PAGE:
Children who undergo brief periods of intense exercise may exhibit lung dysfunction or other symptoms similar to those experienced by asthma patients, even when no history of asthma exists, according to a study conducted by researchers at the University of California's Irvine and Miller Children's Hospital.
The results of the study were presented at the ATS 2010 International Conference in New Orleans.
"Studies have shown that in adults, vigorous exercise can cause wheezing and a decrease in pulmonary function testing (PFT), even when there is no prior history of asthma," said lead author and hospital clinician Alladdin Abosaida, M.D. "However, the extent of exercise-associated PFT abnormality in healthy children has received relatively less attention.
"The results of this study indicate that short bouts of heavy exercise do cause a decrease in lung function testing in healthy children without a history of asthma or allergies," he said
Dr. Abosaida and colleagues examined the effects of exercise in 56 healthy children with no clinical history of asthma or allergy, measuring lung function following each exercise test.
"We evaluated two exercise protocols in each child -- a constant work rate exercise test commonly used for evaluation of exercise-induced asthma, and a progressive exercise test typically used to determine an individual's aerobic capacity," Dr. Abosaida said.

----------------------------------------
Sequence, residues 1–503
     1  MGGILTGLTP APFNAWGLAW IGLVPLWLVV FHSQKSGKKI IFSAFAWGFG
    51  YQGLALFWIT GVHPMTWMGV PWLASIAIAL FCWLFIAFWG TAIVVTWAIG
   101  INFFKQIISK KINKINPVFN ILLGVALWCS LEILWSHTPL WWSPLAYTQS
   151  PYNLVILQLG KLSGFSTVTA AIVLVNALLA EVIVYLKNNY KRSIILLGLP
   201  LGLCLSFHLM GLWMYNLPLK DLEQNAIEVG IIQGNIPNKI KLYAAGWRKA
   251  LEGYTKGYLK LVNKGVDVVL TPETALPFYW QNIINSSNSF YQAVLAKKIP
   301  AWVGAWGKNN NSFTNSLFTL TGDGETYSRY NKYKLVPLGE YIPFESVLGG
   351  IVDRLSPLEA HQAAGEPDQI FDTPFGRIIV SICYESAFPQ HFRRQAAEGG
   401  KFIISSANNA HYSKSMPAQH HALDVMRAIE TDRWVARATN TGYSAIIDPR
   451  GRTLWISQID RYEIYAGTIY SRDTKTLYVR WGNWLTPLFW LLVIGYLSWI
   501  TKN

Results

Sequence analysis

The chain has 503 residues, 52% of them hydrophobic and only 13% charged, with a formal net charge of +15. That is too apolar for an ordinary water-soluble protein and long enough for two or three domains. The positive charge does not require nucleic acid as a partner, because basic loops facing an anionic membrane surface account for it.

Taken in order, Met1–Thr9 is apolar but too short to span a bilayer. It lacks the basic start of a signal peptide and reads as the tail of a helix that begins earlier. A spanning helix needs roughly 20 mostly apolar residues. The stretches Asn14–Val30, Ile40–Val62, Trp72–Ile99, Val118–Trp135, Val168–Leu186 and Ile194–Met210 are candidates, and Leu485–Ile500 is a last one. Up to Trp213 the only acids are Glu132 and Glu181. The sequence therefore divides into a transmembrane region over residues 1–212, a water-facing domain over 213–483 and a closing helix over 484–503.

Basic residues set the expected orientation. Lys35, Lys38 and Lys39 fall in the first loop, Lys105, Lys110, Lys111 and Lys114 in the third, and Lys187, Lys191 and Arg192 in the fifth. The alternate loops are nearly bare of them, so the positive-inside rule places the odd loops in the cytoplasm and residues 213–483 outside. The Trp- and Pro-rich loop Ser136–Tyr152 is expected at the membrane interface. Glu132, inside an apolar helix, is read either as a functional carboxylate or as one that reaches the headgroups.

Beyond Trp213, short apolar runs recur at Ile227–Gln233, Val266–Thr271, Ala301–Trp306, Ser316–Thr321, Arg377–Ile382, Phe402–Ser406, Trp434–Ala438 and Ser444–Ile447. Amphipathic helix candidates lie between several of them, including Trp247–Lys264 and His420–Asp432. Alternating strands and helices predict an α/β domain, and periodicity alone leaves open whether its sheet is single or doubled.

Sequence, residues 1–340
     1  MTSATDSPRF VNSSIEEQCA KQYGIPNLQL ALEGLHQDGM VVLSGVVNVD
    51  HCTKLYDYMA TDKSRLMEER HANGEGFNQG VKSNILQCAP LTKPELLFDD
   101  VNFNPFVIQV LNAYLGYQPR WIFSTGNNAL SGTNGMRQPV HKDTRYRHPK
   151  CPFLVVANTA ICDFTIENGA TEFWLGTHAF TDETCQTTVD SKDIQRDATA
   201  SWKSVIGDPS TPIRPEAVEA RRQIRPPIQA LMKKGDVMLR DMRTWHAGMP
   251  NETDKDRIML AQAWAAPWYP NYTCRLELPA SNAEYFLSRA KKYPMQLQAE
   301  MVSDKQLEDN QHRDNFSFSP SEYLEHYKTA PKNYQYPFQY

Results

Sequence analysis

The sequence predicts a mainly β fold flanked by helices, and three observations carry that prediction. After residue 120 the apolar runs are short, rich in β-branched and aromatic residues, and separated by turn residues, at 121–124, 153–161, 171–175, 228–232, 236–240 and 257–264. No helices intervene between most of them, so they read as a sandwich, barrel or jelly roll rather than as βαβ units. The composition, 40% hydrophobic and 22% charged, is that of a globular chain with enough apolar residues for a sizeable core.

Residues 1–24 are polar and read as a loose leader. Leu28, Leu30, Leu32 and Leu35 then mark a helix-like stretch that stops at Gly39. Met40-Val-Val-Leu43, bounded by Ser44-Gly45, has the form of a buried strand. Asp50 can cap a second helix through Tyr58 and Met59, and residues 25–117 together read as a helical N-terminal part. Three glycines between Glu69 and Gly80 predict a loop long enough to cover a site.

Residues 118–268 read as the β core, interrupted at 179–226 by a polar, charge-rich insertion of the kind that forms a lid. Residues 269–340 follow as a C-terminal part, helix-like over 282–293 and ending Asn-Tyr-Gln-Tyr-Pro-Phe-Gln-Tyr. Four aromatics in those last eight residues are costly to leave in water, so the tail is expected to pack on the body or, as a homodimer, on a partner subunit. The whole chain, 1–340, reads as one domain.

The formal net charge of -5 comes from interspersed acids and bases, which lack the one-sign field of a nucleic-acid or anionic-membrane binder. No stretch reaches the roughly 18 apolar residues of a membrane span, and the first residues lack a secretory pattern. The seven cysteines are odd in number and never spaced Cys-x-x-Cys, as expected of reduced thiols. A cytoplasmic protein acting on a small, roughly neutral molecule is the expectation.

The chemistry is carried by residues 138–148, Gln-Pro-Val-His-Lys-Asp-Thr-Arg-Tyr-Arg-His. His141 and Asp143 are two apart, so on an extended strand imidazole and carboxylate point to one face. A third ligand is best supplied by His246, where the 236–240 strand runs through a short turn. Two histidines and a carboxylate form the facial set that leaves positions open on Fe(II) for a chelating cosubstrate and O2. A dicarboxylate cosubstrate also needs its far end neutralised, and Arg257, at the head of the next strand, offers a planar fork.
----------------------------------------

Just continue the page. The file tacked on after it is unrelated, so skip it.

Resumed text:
Nearly half of the children tested had at least one abnormal result when pulmonary function was measured following exercise, he noted. Decrements in PFT measurements typically occurred when bronchial tubes -- the primary airways allowing air to enter and exit the lungs -- become constricted in response to rigorous activity. This effect, called bronchoconstriction, can arise as the result of an inflammatory response triggered by heavy exercise.
Dr. Abosaida said the results were surprising.
"We did not expect to see pulmonary function abnormalities after short periods of heavy exercise in such a large number of healthy children in our subject population," he said. "We speculate that either the inflammatory response to exercise or cellular changes that may occur as the result of dehydration of the airway surface, or both, led to mild airway obstruction."
Additional research will need to be focused on determining the mechanism of lung dysfunction in children following heavy exercise, and may help identify potential interventions, Dr. Abosaida said.
"More studies are needed to understand the pathogenesis and management plan of exercise-induced bronchoconstriction in healthy children," he added. "In addition, further comparisons are needed between the two exercise protocols for screening of bronchoconstriction to avoid the false negative results that may occur by using a single type of test."
Materials provided by American Thoracic Society. Note: Content may be edited for style and length.
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